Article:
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Mar 14, 201910:47 AM
Haute Plates

A weekly blog on the New Orleans fine dining scene

Neighborhood Restaurants

facebook.com/frankieandjohnnysbarandrestaurant

I have a soft spot for New Orleans neighborhood restaurants. When I was a kid, my parents took us to Liuzza’s for dinner now and then, and we patronized multiple restaurants in Bucktown.

When I was a little older and going out with friends, we’d often end up at Frankie & Johnny’s. It was a place to get crawfish, or gumbo, poor boys or fried seafood. I took for granted how good it was until it wasn’t all that great any more.

It didn’t take the sort of nose-dive that the Pearl, the now-closed restaurant on St. Charles Avenue downtown, did before someone finally pulled the plug. At the end, the Pearl charged a hell of a lot of money for serving badly fried seafood. As far as I know, Frankie & Johnny's didn’t fall that far, but with all the other choices in town, I didn’t make a point of going there until I learned a friend and former neighbor bought it.

This friend is a chef who, when I met him, was working in a pretty high position for a guy with restaurants all over the country whose name rhymes with “Memeril.” He was a good bean those days and also gave me a pressure cooker that I have used regularly for the last 10 years. I like the guy.

I’ve been to Frankie & Johnny's since he took things over, and it was soup to nuts good. It’s the sort of place you take friends who’ve come to New Orleans for a vacation if you like them. But given my responsibilities where “new” restaurants are concerned and the fact that I cook most meals for my family, I haven’t been there in too long.

My friend said they’ve been busy, which is both good and unsurprising. People in New Orleans love to eat; we love the fancy restaurants and we love joints that serve red beans with sausage of dubious origin. We love the neighborhood restaurants that bridge the gap between those points too, and we should celebrate them to the same extent we celebrate the latest white tablecloth/casual, vaguely ethnic spot featuring locally sourced ingredients and a carefully curated bar program that will invariably open next month on Magazine or St. Claude.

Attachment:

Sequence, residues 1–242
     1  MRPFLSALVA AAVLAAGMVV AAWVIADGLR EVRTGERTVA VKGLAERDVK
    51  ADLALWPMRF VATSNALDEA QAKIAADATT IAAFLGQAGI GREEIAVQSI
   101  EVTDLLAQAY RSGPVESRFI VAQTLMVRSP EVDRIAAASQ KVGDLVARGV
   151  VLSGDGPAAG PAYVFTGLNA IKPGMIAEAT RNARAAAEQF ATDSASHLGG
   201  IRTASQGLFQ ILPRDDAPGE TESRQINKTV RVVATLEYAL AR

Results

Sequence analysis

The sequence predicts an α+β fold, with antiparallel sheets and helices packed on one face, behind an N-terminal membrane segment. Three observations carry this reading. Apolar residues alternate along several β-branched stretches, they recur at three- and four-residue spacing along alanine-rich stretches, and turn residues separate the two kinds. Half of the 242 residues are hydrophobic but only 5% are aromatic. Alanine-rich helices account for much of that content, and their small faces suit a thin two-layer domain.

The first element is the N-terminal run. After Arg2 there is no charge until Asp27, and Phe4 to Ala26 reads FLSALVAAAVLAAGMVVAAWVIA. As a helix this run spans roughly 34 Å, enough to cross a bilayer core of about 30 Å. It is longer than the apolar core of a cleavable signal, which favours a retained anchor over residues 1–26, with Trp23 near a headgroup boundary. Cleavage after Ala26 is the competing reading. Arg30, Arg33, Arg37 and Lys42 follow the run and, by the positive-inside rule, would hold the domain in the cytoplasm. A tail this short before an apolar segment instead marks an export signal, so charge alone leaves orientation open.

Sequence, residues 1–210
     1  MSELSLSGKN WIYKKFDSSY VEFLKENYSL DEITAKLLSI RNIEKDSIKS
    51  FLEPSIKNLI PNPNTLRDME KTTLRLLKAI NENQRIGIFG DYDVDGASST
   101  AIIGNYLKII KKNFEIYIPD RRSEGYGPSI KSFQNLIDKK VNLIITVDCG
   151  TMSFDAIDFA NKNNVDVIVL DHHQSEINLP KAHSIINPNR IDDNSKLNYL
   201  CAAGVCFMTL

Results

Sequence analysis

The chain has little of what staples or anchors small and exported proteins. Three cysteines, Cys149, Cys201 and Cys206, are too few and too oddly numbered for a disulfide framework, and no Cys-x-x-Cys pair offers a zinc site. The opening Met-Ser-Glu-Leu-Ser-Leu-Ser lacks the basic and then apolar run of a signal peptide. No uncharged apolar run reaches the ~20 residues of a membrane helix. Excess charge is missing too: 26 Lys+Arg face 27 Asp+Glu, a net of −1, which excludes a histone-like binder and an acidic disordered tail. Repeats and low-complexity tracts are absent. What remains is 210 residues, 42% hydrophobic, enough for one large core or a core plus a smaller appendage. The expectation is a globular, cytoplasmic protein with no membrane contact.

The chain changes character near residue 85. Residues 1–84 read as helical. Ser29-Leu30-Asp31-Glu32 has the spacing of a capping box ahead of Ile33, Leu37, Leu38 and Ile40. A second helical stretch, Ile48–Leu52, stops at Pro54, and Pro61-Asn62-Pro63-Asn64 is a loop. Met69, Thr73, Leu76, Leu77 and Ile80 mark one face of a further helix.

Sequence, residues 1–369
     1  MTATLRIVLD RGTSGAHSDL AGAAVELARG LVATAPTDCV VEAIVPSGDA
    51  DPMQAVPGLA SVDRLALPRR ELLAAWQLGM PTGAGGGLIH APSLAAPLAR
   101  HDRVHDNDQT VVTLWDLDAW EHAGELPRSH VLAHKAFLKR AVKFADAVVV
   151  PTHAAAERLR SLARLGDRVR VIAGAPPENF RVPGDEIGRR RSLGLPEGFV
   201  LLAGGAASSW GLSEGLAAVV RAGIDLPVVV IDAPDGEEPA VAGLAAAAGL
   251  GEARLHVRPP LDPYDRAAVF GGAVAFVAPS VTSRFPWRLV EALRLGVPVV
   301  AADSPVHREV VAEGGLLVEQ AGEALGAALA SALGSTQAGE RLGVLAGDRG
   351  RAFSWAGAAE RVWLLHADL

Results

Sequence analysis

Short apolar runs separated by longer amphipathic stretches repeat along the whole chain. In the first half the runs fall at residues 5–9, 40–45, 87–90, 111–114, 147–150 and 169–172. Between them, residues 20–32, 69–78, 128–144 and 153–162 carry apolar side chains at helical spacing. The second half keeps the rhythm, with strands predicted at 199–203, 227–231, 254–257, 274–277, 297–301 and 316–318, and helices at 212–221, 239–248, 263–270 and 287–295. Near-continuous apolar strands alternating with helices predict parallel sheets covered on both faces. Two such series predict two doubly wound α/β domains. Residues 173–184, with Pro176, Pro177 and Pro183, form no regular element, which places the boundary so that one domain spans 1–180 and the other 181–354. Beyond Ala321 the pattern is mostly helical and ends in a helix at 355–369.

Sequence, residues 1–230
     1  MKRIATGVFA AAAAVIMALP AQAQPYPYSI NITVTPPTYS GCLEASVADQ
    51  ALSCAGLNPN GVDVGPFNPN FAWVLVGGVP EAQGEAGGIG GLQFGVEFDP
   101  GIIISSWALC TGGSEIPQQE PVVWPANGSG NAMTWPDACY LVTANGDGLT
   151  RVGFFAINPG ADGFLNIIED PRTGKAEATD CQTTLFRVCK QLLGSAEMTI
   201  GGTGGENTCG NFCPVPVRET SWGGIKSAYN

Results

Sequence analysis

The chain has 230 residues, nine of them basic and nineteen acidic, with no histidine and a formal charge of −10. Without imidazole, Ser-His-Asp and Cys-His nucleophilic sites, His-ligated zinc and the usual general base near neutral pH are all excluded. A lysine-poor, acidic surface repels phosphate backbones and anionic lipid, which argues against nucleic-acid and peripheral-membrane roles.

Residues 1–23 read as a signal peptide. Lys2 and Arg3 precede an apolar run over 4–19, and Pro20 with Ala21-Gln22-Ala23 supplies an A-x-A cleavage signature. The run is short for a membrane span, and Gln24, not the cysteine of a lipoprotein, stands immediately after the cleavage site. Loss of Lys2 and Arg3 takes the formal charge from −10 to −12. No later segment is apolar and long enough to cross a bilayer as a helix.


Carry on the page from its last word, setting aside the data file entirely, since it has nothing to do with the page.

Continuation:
I say that as a fan of white tablecloth/casual, vaguely ethnic spot featuring locally sourced ingredients and a bar program, carefully curated or not. It’s the neighborhood eateries that make us distinct, though, and I’d be interested to hear your favorite such place, whether in Orleans Parish or not.

 

 

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Haute Plates

A weekly blog on the New Orleans fine dining scene

about

Robert D. Peyton was born at Ochsner Hospital and, apart from four years in Tennessee for college and three years in Baton Rouge for law school, has lived in New Orleans his entire life. He is a strong believer in the importance of food to our local culture and in the importance of our local food culture, generally. He has practiced law since 1994, and began writing about food on his website, www.appetites.us, in 1999. He mainly wrote about partying that year, obviously.

In 2006, New Orleans Magazine named Appetites the best food blog in New Orleans. The choice was made relatively easy due to the fact that Appetites was, at the time, the only food blog in New Orleans.

He began writing the Restaurant Insider column for New Orleans Magazine in 2007 and has been published in St. Charles Avenue, Louisiana Life and New Orleans Homes and Lifestyles magazines. He is the only person he knows personally who has been interviewed in GQ magazine, albeit for calling Alan Richman a nasty name. He is not proud of that, incidentally. (Yes, he is.)

Robert’s maternal grandmother is responsible for his love of good food, and he has never since had fried chicken or homemade biscuits as good as hers. He developed his curiosity about restaurant cooking in part from the venerable PBS cooking show "Great Chefs" and has an extensive collection of cookbooks, many of which do not require coloring, and some of which have not been defaced.

Robert lives in Mid-City with his wife Eve and their three children, and is fond of receiving comments and emails. Please humor him.

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